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Semantic Singularities: Paradoxes of Reference, Predication, and Truth

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2019.10.01 : View this Review Online | View Recent NDPR Reviews Keith Simmons, Semantic Singularities: Paradoxes of Reference, Predication, and Truth, Oxford University Press, 2018, 249pp., $65.00 (hbk), ISBN 9780198791546. Reviewed by Roy T. Cook, University of Minnesota, Twin Cities Keith Simmons' book continues his development and defense of a contextualist solution to the semantic paradoxes, one begun inhis earlier monograph Universality and the Liar (1993). According to (this more recent version of) Simmons' account, we avoid the Liar paradox (and a wealth of other semantic puzzles involving truth, denotation, and predicate extension) by noting that the extension of the truth predicate is context-dependent, and hence, as we reason about the Liar, this context shifts in various ways, resulting in the extension of the truth predicate shifting likewise. For the sake of simplicity, I am going to restrict my summary and comments mostly to Simmons' treatment of the Liar and related constructions involving truth and falsity. Applications of the singularity... Read More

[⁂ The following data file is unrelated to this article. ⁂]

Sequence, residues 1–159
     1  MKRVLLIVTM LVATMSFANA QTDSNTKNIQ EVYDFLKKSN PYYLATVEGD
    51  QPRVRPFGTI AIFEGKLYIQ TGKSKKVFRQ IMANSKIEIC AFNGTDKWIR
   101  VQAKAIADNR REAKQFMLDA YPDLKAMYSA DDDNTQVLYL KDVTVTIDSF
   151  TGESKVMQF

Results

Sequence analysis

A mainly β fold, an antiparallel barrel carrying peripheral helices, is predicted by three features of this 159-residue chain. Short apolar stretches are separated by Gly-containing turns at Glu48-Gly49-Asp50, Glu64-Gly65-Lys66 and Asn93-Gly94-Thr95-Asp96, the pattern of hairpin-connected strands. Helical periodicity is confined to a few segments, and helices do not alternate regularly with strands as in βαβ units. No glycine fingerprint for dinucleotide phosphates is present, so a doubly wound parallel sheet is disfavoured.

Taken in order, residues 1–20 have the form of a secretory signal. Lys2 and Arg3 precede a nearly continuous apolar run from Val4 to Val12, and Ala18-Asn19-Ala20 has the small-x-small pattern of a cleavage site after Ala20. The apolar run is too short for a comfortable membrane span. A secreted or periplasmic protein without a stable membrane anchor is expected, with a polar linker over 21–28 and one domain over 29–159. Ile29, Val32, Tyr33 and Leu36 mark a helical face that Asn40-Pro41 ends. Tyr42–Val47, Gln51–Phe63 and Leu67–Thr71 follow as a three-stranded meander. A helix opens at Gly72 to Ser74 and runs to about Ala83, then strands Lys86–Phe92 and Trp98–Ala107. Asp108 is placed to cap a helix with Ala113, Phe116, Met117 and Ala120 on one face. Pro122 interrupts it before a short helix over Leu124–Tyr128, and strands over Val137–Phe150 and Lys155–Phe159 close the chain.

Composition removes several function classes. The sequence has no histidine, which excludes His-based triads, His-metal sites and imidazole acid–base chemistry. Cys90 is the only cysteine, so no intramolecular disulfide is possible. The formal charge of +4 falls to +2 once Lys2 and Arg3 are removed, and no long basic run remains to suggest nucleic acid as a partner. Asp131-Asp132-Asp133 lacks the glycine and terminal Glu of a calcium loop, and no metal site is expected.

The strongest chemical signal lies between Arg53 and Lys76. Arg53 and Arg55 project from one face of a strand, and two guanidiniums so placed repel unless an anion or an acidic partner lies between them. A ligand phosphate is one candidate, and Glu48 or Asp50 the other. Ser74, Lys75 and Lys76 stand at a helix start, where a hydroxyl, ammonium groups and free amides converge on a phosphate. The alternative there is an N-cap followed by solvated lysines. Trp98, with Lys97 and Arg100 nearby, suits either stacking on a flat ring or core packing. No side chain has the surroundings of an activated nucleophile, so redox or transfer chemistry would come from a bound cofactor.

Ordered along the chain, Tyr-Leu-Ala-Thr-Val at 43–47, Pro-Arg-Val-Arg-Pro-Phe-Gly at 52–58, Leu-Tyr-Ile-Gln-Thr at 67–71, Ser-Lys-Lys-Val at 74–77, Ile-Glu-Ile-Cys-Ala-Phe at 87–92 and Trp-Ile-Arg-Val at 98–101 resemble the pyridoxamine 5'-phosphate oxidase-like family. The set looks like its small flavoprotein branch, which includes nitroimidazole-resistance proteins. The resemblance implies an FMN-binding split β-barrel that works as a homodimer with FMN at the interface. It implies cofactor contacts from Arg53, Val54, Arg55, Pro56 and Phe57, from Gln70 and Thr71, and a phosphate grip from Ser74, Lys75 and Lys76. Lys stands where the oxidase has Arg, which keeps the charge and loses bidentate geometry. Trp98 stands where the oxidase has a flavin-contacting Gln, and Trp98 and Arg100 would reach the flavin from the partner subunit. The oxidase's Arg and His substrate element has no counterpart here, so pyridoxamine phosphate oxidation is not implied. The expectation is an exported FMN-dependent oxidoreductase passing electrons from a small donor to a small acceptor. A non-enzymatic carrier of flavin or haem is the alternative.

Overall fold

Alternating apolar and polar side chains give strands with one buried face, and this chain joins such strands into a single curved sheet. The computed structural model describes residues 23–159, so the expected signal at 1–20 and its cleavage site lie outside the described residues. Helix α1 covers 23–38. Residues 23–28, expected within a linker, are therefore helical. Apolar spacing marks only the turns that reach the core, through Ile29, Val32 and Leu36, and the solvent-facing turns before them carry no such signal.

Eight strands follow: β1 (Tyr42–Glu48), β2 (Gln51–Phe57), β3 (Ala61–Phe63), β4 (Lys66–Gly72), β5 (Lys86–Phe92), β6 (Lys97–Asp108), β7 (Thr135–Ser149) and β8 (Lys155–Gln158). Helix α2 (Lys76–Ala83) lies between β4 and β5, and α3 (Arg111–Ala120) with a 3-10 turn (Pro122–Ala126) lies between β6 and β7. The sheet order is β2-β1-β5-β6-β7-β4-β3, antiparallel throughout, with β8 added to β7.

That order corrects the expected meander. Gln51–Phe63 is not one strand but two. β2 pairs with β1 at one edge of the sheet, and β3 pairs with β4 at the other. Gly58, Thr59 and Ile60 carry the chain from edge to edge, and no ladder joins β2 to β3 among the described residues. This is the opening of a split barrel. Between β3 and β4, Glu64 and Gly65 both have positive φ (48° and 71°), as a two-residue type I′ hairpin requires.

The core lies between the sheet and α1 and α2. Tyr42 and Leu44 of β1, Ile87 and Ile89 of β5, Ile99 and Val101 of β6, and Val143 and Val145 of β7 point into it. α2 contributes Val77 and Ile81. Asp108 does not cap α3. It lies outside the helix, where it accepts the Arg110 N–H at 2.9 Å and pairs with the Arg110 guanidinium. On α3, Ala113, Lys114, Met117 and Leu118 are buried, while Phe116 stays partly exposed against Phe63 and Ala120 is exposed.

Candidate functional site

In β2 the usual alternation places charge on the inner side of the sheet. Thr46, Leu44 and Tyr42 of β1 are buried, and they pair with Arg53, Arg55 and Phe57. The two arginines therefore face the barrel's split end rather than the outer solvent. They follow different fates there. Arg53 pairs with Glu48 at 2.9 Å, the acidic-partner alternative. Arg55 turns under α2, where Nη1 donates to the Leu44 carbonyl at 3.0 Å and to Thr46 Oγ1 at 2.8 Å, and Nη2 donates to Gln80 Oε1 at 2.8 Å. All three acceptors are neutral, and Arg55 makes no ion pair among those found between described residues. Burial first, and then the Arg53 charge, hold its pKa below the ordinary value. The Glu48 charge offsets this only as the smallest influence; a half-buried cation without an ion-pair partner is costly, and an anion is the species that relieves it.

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News source: Notre Dame Philosophical Reviews // News

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